The Bible, of course, offers clear and unambiguous answers to all four of these very basic questions, which is precisely why most people don’t take the time to read it in its entirety (1 Corinthians 1:18) or respond thoughtfully to its assertions (1 Corinthians 1:20-25). It’s a lot easier, for example, to take potshots at the old-covenant intricacies of Old Testament law than it is to pack your bags, head over to Northern Jordan and start poking around in an archaeological dig. It’s far easier to read a book by one of the self-styled New Atheists and decide that they must be right than it is to learn ancient Hebrew and/or Greek and earnestly dig into the existing parchments, making a careful study of the monastic manuscript tradition along the way.

And let’s face it, it’s much more conducive to continuing in a lifelong pattern of our preferred sins to completely disregard what the Bible says and read anything else that comes our way with an eye toward “proving” what we have already decided ahead of time must be true. It’s convenient and expedient to have someone else invite us to continue living guilt-free with any/all of our God-dishonoring lifestyle choices.

While it seems to me that just about every atheistic worldview I have encountered fails on one or more of the four points listed above, the single most compelling failure is not based on any evidence from an archaeological dig, a brilliant academic paper or theological inquiry. While it is most definitely worth our while to engage in thoughtful dialogue and careful study, I would say that the most compelling failure I have seen in the atheistic worldview is in its utter lack of love for humanity, its complete disregard for the inherent worth and dignity of every human being. “You are here by accident.” “Your life carries with it no ultimate meaning.” “The God you cry out to is a fairy tale.” I have heard all of these come from the mouth and pen of atheistic thinkers. Not much room for genuine love in any of that, is there?

When I began taking graduate-level classes at Covenant in the fall of 2009, I was prepared for the fact that I would be encountering some of the greatest minds in modern Christian scholarship. What I was not at all prepared for was the knockout, one-two-three combination-punch of brilliance, humility and geniuine love…not the fake, surface, “How are you doing?” kind, either. In my previous experience, the brightest minds almost always come packaged in arrogance or, if not outright arrogance, at least some level of dismissive disregard for their “lower-rung” counterparts, so it’s been “rather pleasantly shocking” for me to encounter individuals who grow more visibly humble and loving as their academic achievements pile up. I would venture to say that Chapman, along with the other Covenant faculty members I have encountered thus far, certainly qualifies as one of those rare individuals.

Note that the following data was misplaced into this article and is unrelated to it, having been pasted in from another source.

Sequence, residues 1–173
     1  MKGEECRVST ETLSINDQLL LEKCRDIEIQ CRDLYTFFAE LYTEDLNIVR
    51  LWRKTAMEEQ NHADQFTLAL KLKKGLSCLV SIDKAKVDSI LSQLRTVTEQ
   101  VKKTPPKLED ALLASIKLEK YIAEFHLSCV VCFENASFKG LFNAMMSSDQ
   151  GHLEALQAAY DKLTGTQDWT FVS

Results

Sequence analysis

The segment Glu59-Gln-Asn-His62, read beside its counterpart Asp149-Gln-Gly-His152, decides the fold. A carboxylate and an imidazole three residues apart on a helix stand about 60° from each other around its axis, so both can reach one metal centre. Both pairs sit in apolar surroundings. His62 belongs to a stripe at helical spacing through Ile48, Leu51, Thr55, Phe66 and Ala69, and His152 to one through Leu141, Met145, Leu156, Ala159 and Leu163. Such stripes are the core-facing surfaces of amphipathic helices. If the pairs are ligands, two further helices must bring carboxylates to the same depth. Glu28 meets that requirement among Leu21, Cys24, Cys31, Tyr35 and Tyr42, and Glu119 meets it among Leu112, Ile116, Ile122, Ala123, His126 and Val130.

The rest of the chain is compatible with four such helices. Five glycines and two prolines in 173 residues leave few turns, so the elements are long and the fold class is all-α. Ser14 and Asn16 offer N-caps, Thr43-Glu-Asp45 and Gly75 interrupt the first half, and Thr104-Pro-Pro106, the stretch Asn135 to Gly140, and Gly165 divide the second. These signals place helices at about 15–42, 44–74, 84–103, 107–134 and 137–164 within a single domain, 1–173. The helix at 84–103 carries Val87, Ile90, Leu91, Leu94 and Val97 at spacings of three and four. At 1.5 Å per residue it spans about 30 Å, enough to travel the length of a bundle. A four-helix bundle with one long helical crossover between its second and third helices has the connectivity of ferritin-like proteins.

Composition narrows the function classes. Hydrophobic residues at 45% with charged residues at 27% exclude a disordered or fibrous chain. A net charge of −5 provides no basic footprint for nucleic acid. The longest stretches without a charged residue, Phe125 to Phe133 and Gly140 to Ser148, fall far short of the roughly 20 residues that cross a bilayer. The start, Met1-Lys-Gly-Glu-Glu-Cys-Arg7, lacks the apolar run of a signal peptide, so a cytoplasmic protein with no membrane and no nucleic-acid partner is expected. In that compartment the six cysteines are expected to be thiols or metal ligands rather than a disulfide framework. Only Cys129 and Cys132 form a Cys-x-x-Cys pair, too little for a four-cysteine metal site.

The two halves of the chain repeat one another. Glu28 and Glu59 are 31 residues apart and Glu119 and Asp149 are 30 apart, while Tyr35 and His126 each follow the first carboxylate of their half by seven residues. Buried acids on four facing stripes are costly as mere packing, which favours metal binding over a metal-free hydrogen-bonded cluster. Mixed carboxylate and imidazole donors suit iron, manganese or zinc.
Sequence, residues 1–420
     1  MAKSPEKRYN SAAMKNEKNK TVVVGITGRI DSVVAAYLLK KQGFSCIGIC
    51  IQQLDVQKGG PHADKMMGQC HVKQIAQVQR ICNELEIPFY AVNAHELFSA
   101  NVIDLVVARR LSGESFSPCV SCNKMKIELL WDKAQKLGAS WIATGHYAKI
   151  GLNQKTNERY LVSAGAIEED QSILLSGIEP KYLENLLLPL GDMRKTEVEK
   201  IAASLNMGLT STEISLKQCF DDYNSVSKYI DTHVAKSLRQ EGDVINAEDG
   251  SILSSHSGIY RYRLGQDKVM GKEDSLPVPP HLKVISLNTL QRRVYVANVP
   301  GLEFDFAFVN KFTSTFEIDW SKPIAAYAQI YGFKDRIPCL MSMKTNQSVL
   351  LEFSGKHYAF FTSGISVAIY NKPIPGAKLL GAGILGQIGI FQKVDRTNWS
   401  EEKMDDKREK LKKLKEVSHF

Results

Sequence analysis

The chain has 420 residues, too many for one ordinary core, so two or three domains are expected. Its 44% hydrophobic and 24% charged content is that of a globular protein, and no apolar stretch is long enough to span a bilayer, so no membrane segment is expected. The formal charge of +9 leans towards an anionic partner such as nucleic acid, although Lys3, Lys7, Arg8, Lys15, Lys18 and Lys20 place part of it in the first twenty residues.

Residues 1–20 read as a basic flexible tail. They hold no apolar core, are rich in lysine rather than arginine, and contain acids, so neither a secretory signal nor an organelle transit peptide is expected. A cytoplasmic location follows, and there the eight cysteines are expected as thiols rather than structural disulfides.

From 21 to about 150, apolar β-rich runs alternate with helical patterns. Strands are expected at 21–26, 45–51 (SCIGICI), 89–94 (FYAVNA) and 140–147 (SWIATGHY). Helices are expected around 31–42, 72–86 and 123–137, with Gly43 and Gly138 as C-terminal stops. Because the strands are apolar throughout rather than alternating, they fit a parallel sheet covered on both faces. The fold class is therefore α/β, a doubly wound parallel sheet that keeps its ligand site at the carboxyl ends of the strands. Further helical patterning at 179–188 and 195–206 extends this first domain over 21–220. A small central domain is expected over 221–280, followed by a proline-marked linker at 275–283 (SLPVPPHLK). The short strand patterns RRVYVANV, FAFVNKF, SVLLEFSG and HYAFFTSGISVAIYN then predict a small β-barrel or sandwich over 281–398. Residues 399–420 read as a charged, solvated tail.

How much would you say Ricky Gervais genuinely loves you, me and our families? How much love does Richard Dawkins carry in his heart for humanity? Do their atheistic arguments flow from a genuine concern for your well-being and your ongoing ability to make your way in a dark, violent, dying world? The brilliance or (in Gervais’ case, certainly) wit of those decrying Christ hardly seems to be taking them deeper into a lifestyle of selfless love for others.

On the other hand, what would you imagine Dr. Chapman’s motivation to be as he spends his life and career pursuing the truths of the Bible sifting through the ancient dust of the Middle East? Why expend your life toward this effort, if not for authentic love of Christ, love for humanity and a desire to undergird and share the knowledge of the Truth of the gospel? His life’s work is designed to bring lasting hope to you, your children, and your children’s children. That sure seems loving, at least to me.

As we listen to someone actively engaged in deconstructing our belief in Christ as humanity’s only true hope, I would encourage all of us to look at the motivation of the person speaking. “Is this person seeking to show genuine love to me…and others?” My guess is that this question alone will narrow the field considerably.

Ephesians 4:11-16 (ESV)
And he gave the apostles, the prophets, the evangelists, the shepherds and teachers, to equip the saints for the work of ministry, for building up the body of Christ, until we all attain to the unity of the faith and of the knowledge of the Son of God, to mature manhood, to the measure of the stature of the fullness of Christ, so that we may no longer be children, tossed to and fro by the waves and carried about by every wind of doctrine, by human cunning, by craftiness in deceitful schemes. Rather, speaking the truth in love, we are to grow up in every way into him who is the head, into Christ, from whom the whole body, joined and held together by every joint with which it is equipped, when each part is working properly, makes the body grow so that it builds itself up in love.